شیوع، پدیدارشناسی و معیارهای تشخیصی مو کشیدن در یک نمونه غیر بالینی ایتالیایی: مطالعه مقدماتی
|کد مقاله||سال انتشار||مقاله انگلیسی||ترجمه فارسی||تعداد کلمات|
|35506||2013||8 صفحه PDF||سفارش دهید||7022 کلمه|
Publisher : Elsevier - Science Direct (الزویر - ساینس دایرکت)
Journal : Journal of Obsessive-Compulsive and Related Disorders, Volume 2, Issue 1, January 2013, Pages 22–29
To date, trichotillomania prevalence and phenomenology have not received enough attention in European culture. Although trichotillomania occurs on a severity continuum, few studies evaluated it within non-clinical samples. Studies examining trichotillomania have varied in the criteria used to establish a diagnosis, making it difficult to estimate current prevalence rates. The present study assessed hair-pulling prevalence at varying levels of diagnostic stringency, affective states during the hair-pulling cycle, pulling sites, and environmental cues most frequently endorsed in an Italian non-clinical sample. Five-hundred and twenty non-clinical subjects completed an ad-hoc self-report measure assessing hair-pulling phenomenology. Hair-pulling prevalence was 16.5% when only non-cosmetic hair avulsion was considered and 2.1% when adding the achievement of both criteria B and C of DSM-IV-TR. A decrease in tension after pulling, but not an increase when attempting to resist the urge to pull emerged; positive affective states were experienced also following hair-pulling, not only during hair-pulling. Scalp and eyebrows, and studying/reading, watching TV and speaking on the phone were the pulling sites and the environmental cues most frequently endorsed, respectively. The present prevalence ratios are comparable with those reported in literature suggesting that criteria B and C might be too restrictive, and supporting their removal from DSM-5.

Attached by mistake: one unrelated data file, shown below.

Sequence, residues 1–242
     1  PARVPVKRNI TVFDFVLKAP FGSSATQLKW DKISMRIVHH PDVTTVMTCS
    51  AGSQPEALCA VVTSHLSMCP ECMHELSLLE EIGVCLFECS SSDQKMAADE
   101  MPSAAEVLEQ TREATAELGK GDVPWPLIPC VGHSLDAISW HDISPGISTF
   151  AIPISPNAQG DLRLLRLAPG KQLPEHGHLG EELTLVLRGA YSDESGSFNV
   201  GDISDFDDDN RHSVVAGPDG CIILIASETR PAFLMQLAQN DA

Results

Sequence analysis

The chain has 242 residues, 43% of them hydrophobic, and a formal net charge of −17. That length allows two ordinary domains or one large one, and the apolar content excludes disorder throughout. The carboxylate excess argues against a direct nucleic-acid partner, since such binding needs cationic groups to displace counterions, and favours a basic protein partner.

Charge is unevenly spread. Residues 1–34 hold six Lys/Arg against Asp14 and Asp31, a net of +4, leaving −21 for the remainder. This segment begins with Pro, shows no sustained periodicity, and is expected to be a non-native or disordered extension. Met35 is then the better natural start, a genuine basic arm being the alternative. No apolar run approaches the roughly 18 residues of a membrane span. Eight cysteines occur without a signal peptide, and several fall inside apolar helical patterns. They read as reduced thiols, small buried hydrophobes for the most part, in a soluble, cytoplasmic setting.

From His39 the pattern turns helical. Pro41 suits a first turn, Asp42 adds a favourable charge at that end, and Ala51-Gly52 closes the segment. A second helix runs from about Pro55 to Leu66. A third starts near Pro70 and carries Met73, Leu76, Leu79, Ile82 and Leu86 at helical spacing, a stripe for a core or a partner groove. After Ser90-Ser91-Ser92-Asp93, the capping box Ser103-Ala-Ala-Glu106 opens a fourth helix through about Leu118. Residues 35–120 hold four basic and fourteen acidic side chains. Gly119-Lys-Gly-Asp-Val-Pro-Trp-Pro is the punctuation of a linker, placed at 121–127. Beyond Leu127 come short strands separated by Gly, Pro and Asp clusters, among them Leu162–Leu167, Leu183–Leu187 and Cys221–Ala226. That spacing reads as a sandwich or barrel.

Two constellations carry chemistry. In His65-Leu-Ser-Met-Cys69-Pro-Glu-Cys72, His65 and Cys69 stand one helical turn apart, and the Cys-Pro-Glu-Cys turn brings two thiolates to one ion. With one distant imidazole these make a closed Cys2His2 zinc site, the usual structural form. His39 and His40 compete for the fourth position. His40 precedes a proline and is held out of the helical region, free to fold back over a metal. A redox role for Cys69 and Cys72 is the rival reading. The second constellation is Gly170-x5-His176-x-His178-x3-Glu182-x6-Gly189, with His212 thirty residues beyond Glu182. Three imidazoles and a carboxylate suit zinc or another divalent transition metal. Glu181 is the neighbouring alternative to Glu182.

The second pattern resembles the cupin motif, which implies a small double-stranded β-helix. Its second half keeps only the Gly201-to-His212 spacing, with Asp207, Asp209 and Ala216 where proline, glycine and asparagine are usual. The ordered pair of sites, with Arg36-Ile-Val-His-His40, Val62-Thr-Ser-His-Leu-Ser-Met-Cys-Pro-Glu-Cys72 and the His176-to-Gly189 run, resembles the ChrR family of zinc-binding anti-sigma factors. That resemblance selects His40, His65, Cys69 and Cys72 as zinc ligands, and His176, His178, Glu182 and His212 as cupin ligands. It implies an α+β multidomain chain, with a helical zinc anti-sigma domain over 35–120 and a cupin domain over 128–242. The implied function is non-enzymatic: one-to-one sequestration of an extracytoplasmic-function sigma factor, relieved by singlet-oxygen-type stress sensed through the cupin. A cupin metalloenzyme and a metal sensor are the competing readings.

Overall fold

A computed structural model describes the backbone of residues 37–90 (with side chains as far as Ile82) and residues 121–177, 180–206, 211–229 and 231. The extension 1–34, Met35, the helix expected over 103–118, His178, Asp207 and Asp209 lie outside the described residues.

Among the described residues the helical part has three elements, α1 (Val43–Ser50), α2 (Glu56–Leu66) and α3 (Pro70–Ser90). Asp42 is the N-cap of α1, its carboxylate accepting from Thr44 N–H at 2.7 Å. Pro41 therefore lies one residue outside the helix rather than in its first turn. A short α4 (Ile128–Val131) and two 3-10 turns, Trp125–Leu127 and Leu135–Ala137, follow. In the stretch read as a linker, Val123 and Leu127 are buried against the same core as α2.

Hair-pulling behaviors lie on a continuum ranging from a subclinical pole, characterized by unnoticeable and non-distressing hair avulsion, to a pathological one, characterized by chronic, noticeable and significantly distressing hair avulsion from different body areas (Stanley et al., 1994 and Stanley et al., 1995). The latter pole of such a continuum is usually referred to as trichotillomania1, a disorder that was first included as a possible diagnosis in the diagnostic and statistical manual of mental disorders, third ed.-revised (DSM-III-R; American Psychiatric Association, 1987). Presently, trichotillomania is included within impulse-control disorders not elsewhere classified. However, several authors have suggested it may belong within the obsessive–compulsive spectrum disorders because of research demonstrating similar phenomenological and psychobiological characteristics (Ferrao et al., 2009, Lochner et al., 2005 and Stein, 2000). The current diagnostic criteria described in the diagnostic and statistical manual of mental disorders, 4th ed.-text revision (DSM-IV-TR; American Psychiatric Association, 2000) for trichotillomania include: noticeable hair loss (alopecia) due to recurrent hair-pulling (Criterion A); feeling tension immediately before hair-pulling, or when attempting to resist hair-pulling (Criterion B); feeling pleasure or gratification associated with hair-pulling (Criterion C); hair-pulling not due to another medical or mental disorder (Criterion D); significant distress or impairment in social, occupational, or other important areas of functioning due to recurrent hair-pulling (Criterion E). However, several studies have highlighted the inadequacy and excessive rigidity of these criteria (Christenson et al., 1991, Christenson and Mansueto, 1999, Christenson et al., 1991, Duke et al., 2009, Franklin et al., 2008, Lochner et al., 2010, Schlosser et al., 1994, Stanley et al., 1995 and Woods et al., 2006), as well as their minimal ability to predict symptom severity or functional impairment (Stein et al., 2010). Therefore, some authors have suggested that criteria B and C may be of little clinical or diagnostic use and validity. Rather, they recommend excluding these two criteria from the DSM-5 (Lochner et al., 2010). As such, many clinicians have diagnosed trichotillomania, even in the absence of criteria B and C (Conelea et al., 2012). Furthermore, Stanley et al. (1995) posited that the emotional changes which take place following hair-pulling are more salient in hair-pulling phenomenology than are the emotional changes experienced during hair-pulling (as stated in the DSM-IV-TR). Finally, other affective correlates (i.e., boredom, anxiety, anger, embarrassment, discomfort, sadness, or frustration) in addition to those described in the DSM-IV-TR criteria (tension, relief and pleasure) emerged to play an important role in the pulling cycle (Christenson et al., 1993, Diefenbach et al., 2002, Duke et al., 2009 and Duke et al., 2010; Mansueto, McCombs-Thomas, & Brice, 2007; Stanley et al., 1995). Taken together, the extant research suggests that a revision of the current criteria for trichotillomania may be warranted. Hair-pulling disorder is considered a relatively rare psychological disorder. However, its prevalence is still largely unclear for several reasons: (1) the use of more or less stringent diagnostic criteria across studies; (2) the poor availability of standardized diagnostic tools; (3) the secretiveness and shame associated with hair-pulling, which likely leads to underreporting; and (4) small sample sizes, which impair the generalization of findings (Duke, Keeley, Geffken, & Storch, 2010). Across studies, prevalence rates of hair-pulling disorder ranged from .6% to 15% (Christenson et al., 1991, Duke et al., 2009, Duke et al., 2010, Graber and Arndt, 1993, Mansueto et al., 2007, Rothbaum et al., 1993, Stanley et al., 1994, Stanley et al., 1995 and Woods and Miltenberger, 1995), depending on the rigidity of the diagnostic criteria adopted. Results related to the gender distribution of hair-pulling disorder are inconsistent: male to female ratios ranged from about 1:10 (Christenson, 1995, Christenson et al., 1994, Cohen et al., 1995, Lochner et al., 2010, Schlosser et al., 1994, Stanley et al., 1994 and Swedo and Leonard, 1992) to about 1:2 (Christenson et al., 1991, Christenson et al., 1991, Duke et al., 2009, Graber and Arndt, 1993 and King et al., 1995). It is important to note that women are generally more represented in clinical samples of patients suffering from trichotillomania (Christenson and Crow, 1996, Keuthen et al., 2001, Lochner et al., 2010, Odlaug et al., 2010, Miltenberger et al., 2006, Stanley et al., 1994 and Swedo et al., 1992). However, research within a college student sample evidenced a 1:4 male to female ratio (Duke et al., 2010). Moreover, Duke et al. (2009) found a male to female ratio of 1:1 in a community sample; however, all participants who reached clinical levels of the disorder were female. As such, although research has generally demonstrated that the gender distribution of hair-pulling disorder varies with disorder severity, males and females have been reported to show comparable phenomenology (Christenson et al., 1994 and Duke et al., 2009). According to the DSM-IV-TR, chronic hair-pullers may differ with regard to pulling sites. The area most commonly involved is the scalp (generally from peripheral to central zones); however, hair-pulling often occurs from eyelashes, eyebrow, pubic regions, the chest and the limbs, at times resulting in total absence of hair from some of these regions (du Toit et al., 2001, Flessner et al., 2008, Flessner et al., 2008, Schlosser et al., 1994 and Stanley et al., 1994). In males, other areas include beard and moustaches (Lochner et al., 2010 and Mansueto et al., 2007). Seldom do subjects pull hair when other people are present (except for close relatives), because they are embarrassed about their behavior (Casati et al., 2000 and Christenson et al., 1991). Indeed, hair-pullers often avoid social situations (Christenson and Mansueto, 1999, du Toit et al., 2001, Keuthen et al., 2001, Townsley-Stemberger et al., 2000 and Winchel et al., 1992). In the literature, two main styles of hair-pulling have been identified (Christenson and Crow, 1996, Christenson et al., 1994, Christenson et al., 1991, Christenson et al., 1993, Diefenbach et al., 2002, du Toit et al., 2001, Flessner et al., 2008, Flessner et al., 2008, Mansueto et al., 1997 and Woods et al., 2006): focused-pulling and automatic/habitual-pulling. Focused-pulling is phenomenologically similar to compulsions observed in obsessive–compulsive disorder (OCD). It is associated with an increase in tension before hair-pulling or when attempting to resist the urge to pull hair, and with relief after pulling. The attention of affected subjects is focused on the pull, thus distracting them from other tasks. Therefore, pulling represents a dysfunctional strategy that subjects carry out to cope with unpleasant emotions (Duke et al., 2010 and Woods et al., 2006). Automatic/habitual-pulling occurs when individuals pull hair without consciousness and in the absence of the urge to pull. It is the predominant style of patients (about 3/4; Christenson and Crow, 1996, Christenson et al., 1994 and Minichiello et al., 1994) when they are bored or when they are performing some sedentary or contemplative activities, such as reading, speaking on the telephone, driving, and watching television. Nevertheless, it is important to note that most patients have a mixed clinical condition, characterized by both styles (Christenson and Crow, 1996 and Flessner et al., 2008). The identification of pulling sites, environmental cues, and affective states involved in the pulling cycle and dominant hair-pulling subtype might improve assessment and treatment methodologies. According to the cognitive-behavioral model (Mansueto et al., 1997), such cues may act as inducing and maintaining factors of hair-pulling behavior. Indeed, eliciting (triggers) and discriminative (facilitators) conditioned stimuli consist of both external stimuli, such as particular places (bathroom, car, library), situations (reading, lying in bed, studying, watching television, being alone) or objects (mirrors or tweezers), and internal stimuli, such as emotional state, proprioceptive sensations, urges, cognitions, and postures. Finally, the consequences of hair-pulling may be either positively or negatively rewarding. In the former case, the enhanced probability of subsequent hair-pulling may be due to the achievement of positive affective states symmetry, or orderliness, whereas in the latter case, it may be due to distraction from negative and aversive private experiences. Despite many studies having identified hair-pulling cues and phenomenological features, additional normative resources drawn from community samples may better clarify the continuum of hair-pulling phenomenology. Therefore, studying hair-pulling behaviors in a non-clinical sample may help to improve both assessment adequacy (by detecting internal and external cues and idiosyncratic characteristics of hair-pulling) and treatment efficacy (by introducing targeted cognitive-behavioral techniques on the basis of specific phenomenological features). Furthermore, most studies focused on hair-pulling were conducted within the United States. Indeed, to the authors’ knowledge, no study assessing prevalence and phenomenology of the hair-pulling continuum has been performed in European countries to date. Therefore it would be interesting to investigate the presence of possible cross-cultural commonalities or differences in hair-pulling characteristics. Therefore, the present preliminary study was designed to assess the prevalence rates in an Italian non-clinical sample when varying the stringency of diagnostic criteria as reported in the literature. The second goal was to investigate the male to female ratio. The third goal was to analyze the emotional changes that characterize the hair-pulling cycle. The final goal was to assess which hair-pulling sites and environmental cues are most frequently endorsed.